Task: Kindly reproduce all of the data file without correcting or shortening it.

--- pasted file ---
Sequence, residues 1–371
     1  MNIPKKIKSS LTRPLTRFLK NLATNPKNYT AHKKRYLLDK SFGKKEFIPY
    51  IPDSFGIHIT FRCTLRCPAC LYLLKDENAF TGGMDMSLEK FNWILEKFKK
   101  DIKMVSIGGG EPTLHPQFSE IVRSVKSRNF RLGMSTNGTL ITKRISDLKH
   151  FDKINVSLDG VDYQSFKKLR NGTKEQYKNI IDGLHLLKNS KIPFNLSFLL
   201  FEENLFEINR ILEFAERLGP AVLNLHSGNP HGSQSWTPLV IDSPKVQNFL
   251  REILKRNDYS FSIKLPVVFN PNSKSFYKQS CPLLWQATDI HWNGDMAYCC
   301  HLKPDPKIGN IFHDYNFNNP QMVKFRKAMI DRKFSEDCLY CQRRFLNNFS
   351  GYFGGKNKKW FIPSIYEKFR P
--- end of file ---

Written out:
Sequence, residues 1–371
     1  MNIPKKIKSS LTRPLTRFLK NLATNPKNYT AHKKRYLLDK SFGKKEFIPY
    51  IPDSFGIHIT FRCTLRCPAC LYLLKDENAF TGGMDMSLEK FNWILEKFKK
   101  DIKMVSIGGG EPTLHPQFSE IVRSVKSRNF RLGMSTNGTL ITKRISDLKH
   151  FDKINVSLDG VDYQSFKKLR NGTKEQYKNI IDGLHLLKNS KIPFNLSFLL
   201  FEENLFEINR ILEFAERLGP AVLNLHSGNP HGSQSWTPLV IDSPKVQNFL
   251  REILKRNDYS FSIKLPVVFN PNSKSFYKQS CPLLWQATDI HWNGDMAYCC
   301  HLKPDPKIGN IFHDYNFNNP QMVKFRKAMI DRKFSEDCLY CQRRFLNNFS
   351  GYFGGKNKKW FIPSIYEKFR P